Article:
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Today's Stichomancy for David Boreanaz

The first excerpt represents the element of Air. It speaks of mental influences and the process of thought, and is drawn from Intentions by Oscar Wilde:

uneducated passman out of either University to get up in his pulpit and express his doubts about Noah's ark, or Balaam's ass, or Jonah and the whale, for half of London to flock to hear him, and to sit open-mouthed in rapt admiration at his superb intellect. The growth of common sense in the English Church is a thing very much to be regretted. It is really a degrading concession to a low form of realism. It is silly, too. It springs from an entire ignorance of psychology. Man can believe the impossible, but man can never believe the improbable. However, I must read the end of my article:-

'What we have to do, what at any rate it is our duty to do, is to

The second excerpt represents the element of Fire. It speaks of emotional influences and base passions, and is drawn from Ozma of Oz by L. Frank Baum:

Billina, and then I will see you again."

She ran around to the back yard of the palace and soon found the chicken house, being guided to it by a loud cackling and crowing and a distracting hubbub of sounds such as chickens make when they are excited.

Something seemed to be wrong in the chicken house, and when Dorothy looked through the slats in the door she saw a group of hens and roosters huddled in one corner and watching what appeared to be a whirling ball of feathers. It bounded here and there about the chicken house, and at first Dorothy could not tell what it was, while the screeching of the chickens nearly deafened her.

But suddenly the bunch of feathers stopped whirling, and then, to her


Ozma of Oz
The third excerpt represents the element of Water. It speaks of pure spiritual influences and feelings of love, and is drawn from Tess of the d'Urbervilles, A Pure Woman by Thomas Hardy:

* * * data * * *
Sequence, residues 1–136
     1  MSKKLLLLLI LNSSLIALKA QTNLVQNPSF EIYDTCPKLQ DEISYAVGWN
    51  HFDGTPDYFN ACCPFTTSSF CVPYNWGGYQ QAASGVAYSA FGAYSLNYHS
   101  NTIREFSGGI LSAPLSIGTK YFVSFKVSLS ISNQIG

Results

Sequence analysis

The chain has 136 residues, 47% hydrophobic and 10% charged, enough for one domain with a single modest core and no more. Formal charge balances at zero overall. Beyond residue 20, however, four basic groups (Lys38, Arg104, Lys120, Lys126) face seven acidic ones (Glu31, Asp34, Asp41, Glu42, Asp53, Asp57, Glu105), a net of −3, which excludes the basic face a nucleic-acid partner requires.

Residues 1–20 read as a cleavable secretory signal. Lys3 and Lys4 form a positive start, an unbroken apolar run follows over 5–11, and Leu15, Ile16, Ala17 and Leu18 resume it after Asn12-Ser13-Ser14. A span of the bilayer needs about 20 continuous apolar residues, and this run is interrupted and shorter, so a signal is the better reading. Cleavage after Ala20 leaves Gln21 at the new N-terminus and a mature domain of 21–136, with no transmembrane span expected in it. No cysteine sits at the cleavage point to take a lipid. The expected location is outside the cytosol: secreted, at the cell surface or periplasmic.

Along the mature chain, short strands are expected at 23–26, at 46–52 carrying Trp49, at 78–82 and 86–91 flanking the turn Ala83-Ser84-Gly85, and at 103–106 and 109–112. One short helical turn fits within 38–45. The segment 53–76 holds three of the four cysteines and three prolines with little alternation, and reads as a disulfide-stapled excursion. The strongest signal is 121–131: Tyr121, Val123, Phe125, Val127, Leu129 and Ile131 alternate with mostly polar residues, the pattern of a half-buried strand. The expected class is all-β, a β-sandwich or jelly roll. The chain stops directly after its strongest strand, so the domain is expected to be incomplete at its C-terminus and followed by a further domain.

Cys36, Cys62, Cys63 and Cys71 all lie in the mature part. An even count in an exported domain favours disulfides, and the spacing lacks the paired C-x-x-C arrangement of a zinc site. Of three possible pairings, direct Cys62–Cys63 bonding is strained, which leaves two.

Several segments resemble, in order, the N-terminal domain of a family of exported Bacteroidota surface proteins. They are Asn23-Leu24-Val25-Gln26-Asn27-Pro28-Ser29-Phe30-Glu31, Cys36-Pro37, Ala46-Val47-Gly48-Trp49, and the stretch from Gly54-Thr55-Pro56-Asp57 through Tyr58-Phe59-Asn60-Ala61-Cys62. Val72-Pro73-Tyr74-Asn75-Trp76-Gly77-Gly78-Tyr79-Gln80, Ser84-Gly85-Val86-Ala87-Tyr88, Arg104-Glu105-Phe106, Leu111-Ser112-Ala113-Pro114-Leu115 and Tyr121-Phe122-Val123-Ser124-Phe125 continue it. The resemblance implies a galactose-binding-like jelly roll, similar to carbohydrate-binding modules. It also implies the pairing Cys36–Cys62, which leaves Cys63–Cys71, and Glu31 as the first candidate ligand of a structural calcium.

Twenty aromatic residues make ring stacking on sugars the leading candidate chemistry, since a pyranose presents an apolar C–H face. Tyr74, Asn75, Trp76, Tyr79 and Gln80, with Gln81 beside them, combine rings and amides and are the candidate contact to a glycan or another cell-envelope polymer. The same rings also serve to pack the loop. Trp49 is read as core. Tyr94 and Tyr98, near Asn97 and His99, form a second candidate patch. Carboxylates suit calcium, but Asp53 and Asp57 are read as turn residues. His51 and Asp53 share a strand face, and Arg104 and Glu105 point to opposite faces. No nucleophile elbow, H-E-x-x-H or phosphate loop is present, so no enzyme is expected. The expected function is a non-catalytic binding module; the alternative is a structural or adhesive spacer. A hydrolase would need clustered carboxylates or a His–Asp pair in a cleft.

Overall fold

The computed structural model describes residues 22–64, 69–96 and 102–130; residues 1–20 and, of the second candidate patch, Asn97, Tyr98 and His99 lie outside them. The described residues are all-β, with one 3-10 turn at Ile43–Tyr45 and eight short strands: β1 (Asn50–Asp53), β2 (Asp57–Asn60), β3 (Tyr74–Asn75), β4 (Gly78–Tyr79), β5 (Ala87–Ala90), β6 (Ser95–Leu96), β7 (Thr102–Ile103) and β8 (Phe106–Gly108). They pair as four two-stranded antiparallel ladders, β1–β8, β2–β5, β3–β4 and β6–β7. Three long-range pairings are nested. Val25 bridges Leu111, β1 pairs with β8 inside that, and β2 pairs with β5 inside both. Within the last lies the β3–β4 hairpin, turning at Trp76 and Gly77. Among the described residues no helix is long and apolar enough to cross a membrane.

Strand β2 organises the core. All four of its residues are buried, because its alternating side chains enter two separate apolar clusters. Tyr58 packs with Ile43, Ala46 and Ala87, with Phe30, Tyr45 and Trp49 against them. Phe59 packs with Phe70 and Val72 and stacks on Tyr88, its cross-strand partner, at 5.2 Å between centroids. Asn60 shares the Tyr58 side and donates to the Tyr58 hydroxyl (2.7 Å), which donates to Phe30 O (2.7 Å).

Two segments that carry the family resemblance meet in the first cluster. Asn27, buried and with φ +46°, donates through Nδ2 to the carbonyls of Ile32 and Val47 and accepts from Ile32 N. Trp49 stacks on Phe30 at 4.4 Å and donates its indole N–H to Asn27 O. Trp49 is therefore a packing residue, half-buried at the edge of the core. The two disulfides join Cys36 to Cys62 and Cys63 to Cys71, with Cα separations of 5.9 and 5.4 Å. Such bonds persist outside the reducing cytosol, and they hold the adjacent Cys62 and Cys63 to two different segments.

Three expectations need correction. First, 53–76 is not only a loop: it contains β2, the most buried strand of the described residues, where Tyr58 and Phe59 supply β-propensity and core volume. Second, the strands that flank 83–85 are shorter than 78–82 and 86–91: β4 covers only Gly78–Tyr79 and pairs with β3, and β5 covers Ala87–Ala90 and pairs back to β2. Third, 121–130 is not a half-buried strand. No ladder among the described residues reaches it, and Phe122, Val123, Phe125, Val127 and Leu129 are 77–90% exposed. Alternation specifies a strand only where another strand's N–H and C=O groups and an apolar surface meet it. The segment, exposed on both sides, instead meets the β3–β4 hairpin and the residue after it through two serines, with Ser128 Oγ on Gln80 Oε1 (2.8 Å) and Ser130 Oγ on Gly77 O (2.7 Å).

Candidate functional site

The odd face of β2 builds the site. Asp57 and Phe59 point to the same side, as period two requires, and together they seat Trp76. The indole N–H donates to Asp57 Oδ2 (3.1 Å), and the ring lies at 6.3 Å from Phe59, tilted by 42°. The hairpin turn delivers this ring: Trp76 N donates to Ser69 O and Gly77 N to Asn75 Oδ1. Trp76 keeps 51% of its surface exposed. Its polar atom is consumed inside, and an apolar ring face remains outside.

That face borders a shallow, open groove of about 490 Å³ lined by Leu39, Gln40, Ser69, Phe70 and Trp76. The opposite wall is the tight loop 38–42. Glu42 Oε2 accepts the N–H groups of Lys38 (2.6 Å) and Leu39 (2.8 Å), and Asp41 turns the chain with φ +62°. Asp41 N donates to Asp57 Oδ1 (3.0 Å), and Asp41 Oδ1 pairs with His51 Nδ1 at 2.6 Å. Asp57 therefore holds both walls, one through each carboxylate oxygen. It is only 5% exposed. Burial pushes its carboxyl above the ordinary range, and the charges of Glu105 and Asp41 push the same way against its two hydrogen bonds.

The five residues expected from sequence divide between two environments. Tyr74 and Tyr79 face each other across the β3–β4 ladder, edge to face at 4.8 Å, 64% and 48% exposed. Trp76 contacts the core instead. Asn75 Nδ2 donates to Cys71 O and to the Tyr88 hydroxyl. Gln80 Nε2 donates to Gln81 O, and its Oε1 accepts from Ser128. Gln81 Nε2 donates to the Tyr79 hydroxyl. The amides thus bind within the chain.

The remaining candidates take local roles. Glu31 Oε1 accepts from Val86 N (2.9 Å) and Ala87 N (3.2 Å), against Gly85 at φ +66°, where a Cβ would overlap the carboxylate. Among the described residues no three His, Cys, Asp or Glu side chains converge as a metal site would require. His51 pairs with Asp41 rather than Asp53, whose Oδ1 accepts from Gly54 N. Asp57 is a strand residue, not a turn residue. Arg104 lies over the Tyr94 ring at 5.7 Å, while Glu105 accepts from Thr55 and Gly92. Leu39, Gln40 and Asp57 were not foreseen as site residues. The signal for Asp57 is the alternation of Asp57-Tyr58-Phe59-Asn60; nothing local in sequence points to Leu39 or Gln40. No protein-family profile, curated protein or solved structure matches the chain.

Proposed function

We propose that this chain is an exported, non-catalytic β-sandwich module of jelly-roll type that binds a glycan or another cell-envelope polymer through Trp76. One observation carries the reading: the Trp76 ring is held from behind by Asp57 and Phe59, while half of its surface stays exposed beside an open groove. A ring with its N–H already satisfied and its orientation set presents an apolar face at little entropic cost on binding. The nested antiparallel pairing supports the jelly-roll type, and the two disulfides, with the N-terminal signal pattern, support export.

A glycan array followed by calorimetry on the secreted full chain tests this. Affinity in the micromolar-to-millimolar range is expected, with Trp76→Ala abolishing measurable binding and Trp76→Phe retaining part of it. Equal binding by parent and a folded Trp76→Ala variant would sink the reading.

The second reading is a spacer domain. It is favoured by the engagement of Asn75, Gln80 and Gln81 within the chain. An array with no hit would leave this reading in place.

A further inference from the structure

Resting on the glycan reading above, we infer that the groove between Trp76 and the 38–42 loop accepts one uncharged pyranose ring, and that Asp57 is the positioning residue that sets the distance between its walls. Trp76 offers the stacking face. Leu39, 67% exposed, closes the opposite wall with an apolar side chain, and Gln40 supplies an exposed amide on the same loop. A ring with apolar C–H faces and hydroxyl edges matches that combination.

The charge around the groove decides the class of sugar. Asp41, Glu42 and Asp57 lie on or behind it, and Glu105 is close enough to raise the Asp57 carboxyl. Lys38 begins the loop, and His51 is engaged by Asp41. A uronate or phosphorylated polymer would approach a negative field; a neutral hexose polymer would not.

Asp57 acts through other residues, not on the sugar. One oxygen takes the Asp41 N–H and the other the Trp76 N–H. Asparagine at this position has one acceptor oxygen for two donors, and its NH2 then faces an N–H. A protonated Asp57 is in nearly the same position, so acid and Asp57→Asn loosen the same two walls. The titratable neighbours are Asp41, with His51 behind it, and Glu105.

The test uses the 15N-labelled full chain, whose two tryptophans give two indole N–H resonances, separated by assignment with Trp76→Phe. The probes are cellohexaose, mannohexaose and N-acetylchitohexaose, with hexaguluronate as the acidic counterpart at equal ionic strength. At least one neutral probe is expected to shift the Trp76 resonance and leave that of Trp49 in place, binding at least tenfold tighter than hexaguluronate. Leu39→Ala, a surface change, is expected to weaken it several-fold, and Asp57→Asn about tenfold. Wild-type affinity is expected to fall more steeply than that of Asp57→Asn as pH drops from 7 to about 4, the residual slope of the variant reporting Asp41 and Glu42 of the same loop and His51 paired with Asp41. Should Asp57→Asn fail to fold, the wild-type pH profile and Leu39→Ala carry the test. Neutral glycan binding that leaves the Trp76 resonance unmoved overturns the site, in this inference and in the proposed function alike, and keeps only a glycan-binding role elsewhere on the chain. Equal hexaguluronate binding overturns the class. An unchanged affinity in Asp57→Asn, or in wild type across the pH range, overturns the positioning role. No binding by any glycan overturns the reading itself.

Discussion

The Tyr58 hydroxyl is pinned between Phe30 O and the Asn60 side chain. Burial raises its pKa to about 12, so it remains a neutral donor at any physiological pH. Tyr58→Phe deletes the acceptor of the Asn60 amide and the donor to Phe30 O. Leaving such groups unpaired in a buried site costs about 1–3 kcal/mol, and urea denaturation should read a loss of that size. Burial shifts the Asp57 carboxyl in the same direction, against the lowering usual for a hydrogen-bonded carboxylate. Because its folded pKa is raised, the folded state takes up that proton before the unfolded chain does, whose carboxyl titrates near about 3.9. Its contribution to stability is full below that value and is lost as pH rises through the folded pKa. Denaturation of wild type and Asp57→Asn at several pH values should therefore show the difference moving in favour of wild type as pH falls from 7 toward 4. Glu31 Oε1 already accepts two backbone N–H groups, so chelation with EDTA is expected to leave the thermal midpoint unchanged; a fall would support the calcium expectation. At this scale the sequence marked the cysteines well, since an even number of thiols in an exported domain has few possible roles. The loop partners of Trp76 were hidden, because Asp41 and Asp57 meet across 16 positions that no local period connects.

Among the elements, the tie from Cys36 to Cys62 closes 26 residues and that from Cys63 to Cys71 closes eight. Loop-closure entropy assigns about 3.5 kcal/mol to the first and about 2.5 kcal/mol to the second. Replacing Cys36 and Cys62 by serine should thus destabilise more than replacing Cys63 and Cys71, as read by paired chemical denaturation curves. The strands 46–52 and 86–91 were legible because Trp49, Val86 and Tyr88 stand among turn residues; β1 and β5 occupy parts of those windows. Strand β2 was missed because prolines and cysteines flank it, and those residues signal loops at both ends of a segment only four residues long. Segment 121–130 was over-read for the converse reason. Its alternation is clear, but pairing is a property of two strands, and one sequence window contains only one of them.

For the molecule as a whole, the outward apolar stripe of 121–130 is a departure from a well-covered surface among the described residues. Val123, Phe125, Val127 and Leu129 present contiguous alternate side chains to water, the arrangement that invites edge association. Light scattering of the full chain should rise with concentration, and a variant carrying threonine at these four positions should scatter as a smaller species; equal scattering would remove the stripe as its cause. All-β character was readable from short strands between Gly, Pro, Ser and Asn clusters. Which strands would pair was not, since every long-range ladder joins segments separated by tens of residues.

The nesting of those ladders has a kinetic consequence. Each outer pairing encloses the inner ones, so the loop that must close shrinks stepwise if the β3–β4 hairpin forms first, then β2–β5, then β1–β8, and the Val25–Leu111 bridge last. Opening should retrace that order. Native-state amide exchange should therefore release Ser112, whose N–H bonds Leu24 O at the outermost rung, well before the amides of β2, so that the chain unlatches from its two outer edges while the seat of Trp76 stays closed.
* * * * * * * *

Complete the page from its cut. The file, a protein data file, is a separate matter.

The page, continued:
to light, or the sense of being amid new scenes where there were no invidious eyes upon her, sent up her spirits wonderfully. Her hopes mingled with the sunshine in an ideal photosphere which surrounded her as she bounded along against the soft south wind. She heard a pleasant voice in every breeze, and in every bird's note seemed to lurk a joy.

Her face had latterly changed with changing states of mind, continually fluctuating between beauty and ordinariness, according as the thoughts were gay or grave. One day she was pink and flawless; another pale


Tess of the d'Urbervilles, A Pure Woman
The fourth excerpt represents the element of Earth. It speaks of physical influences and the impact of the unseen on the visible world, and is drawn from A Simple Soul by Gustave Flaubert:

one by one the Host, and returned to their seats in the same order. When Virginia's turn came, Felicite leaned forward to watch her, and through that imagination which springs from true affection, she at once became the child, whose face and dress became hers, whose heart beat in her bosom, and when Virginia opened her mouth and closed her lids, she did likewise and came very near fainting.

The following day, she presented herself early at the church so as to receive communion from the cure. She took it with the proper feeling, but did not experience the same delight as on the previous day.

Madame Aubain wished to make an accomplished girl of her daughter; and as Guyot could not teach English or music, she decided to send her to


A Simple Soul